Yeah. Me too.
Truth is, it’s just the nature of field radio that things sometimes break, behave erratically, and/or some key component goes missing. When you’re lugging your gear around in a pack and deploying it outdoors in a wide variety of settings it’s a much less “controlled” environment than, say, in the shack.
When a problem arises, you have to work that problem in the field to get on the air and complete the activation.
If you watch my activation videos, you’ll note that I try to include everything in them–including mistakes and mishaps.
Mishaps that lead to a failed activation happen less frequently than they did when I first got started in the world of field radio. Over the years, I’ve refined my field kit and made sure I’ve got the right spare components and tools to solve minor issues I might encounter.
That said, I felt like my activation attempt of Lake James State Park on Wednesday, October 5, 2022 was a total comedy of errors. It seemed like an extra layer of complication presented itself each step along the way as I tried to activate that park.
Lake James State Park (K-2739)
The plan was to leave my home around 17:15 local, arrive at the park around 18:00, set up my Icom IC-703 Plus, pair it with a 40 meter end-fed half-wave, hop on the air and work stations until about 19:00 (23:00 UTC) at the latest, then pack up and continue driving another hour to my final destination.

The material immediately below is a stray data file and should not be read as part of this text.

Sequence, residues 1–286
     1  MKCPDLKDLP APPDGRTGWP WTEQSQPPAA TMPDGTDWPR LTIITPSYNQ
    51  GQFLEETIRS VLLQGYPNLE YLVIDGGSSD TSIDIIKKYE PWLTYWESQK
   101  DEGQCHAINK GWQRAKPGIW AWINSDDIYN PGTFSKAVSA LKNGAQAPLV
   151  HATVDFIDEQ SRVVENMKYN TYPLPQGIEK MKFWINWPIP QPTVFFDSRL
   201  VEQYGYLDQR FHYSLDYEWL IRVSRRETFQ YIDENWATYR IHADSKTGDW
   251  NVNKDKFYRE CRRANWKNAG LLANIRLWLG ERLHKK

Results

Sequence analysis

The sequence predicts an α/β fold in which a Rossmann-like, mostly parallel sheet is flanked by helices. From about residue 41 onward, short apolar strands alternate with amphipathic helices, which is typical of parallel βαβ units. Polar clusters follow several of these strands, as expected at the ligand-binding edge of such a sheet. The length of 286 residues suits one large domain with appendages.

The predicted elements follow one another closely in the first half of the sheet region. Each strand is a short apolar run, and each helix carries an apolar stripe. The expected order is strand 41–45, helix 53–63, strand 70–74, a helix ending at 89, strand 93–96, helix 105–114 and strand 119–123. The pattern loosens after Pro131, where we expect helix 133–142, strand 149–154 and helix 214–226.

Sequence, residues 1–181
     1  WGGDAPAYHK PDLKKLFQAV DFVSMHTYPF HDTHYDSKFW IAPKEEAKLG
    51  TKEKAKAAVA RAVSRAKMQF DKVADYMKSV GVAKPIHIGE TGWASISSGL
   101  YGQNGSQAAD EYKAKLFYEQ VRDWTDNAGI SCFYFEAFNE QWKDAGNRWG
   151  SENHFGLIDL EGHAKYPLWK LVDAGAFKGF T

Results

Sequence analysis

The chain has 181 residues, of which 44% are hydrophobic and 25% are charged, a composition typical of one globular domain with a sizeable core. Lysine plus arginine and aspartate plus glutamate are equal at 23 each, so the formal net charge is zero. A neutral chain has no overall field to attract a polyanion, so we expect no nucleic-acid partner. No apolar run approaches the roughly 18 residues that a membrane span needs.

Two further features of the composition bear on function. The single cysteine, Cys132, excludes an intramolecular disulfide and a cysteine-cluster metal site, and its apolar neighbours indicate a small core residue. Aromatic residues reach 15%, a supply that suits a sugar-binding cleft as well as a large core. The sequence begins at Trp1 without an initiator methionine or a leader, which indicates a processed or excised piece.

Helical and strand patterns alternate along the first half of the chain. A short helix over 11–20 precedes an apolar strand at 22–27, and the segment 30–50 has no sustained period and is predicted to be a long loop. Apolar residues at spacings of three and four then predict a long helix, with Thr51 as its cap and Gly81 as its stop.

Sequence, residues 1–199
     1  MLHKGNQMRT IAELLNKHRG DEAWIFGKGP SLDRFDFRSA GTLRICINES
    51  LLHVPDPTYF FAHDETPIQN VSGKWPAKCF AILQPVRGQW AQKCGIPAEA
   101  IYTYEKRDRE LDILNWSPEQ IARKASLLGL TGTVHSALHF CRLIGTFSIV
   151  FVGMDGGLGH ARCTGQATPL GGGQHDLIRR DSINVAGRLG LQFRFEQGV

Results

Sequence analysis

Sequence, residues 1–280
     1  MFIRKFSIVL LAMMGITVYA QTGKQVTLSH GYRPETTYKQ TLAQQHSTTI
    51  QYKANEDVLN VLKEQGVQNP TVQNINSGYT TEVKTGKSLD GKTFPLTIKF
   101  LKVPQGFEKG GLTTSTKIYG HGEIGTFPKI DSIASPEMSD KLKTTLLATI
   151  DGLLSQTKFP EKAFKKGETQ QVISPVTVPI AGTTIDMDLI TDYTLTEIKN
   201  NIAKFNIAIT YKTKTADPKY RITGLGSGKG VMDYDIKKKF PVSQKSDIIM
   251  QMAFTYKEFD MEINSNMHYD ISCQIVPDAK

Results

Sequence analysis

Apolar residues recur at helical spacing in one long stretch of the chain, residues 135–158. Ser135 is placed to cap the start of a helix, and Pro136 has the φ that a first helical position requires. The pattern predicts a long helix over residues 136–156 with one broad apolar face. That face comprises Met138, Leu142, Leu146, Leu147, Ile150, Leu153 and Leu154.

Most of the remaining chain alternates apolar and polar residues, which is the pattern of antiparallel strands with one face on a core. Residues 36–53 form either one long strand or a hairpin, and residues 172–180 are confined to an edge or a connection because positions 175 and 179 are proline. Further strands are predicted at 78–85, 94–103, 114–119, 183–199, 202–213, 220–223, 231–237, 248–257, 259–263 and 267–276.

Here’s how it actually played out…
I had all of my bags packed and ready to go at 17:15, but as I was ready to leave, I discovered a plumbing leak under our kitchen sink. It required immediate attention (obviously) so I grabbed my tools, pulled everything out from under the kitchen sink, found the leak, and sorted out the issue. Thankfully, I had some spare plumbing parts at the house. This only delayed my departure about 30 minutes.
I arrived at Lake James around 18:30 and had the entire park to myself.
My real goal at the park was to take the Icom IC-703 Plus out for a little fresh air. It had been ages since I put it on the air in the field. The last time I tried to use it in the field, the internal keyer was tripping up due to a little RF coming back to the radio from my end-fed half-wave. This is a known issue with the Icom IC-703–it’s more sensitive to RF than any other radio I own.
This time, I planned to eliminate the RF with the inline common mode choke built into my Chameleon 50′ cable.
I grabbed my throw line, MM0OPX EFHW and had the antenna deployed in record time.
You can’t tell from the photos because my iPhone does a great job with low-light, but the sun was setting quickly even as I set up the IC-703. I knew I’d be finishing the activation in the dark, but I had a headlamp handy so wasn’t concerned (again, never leave home without a headlamp!).
I turned on the ‘703 and the 40 meter band was chock-full of signals. A very good sign!
Then I switched the 703’s meter to the SWR setting and sent a couple of dits on an open frequency to confirm a low SWR.
The SWR was off the charts poor, pegging the SWR meter at 9:1 (or worse?).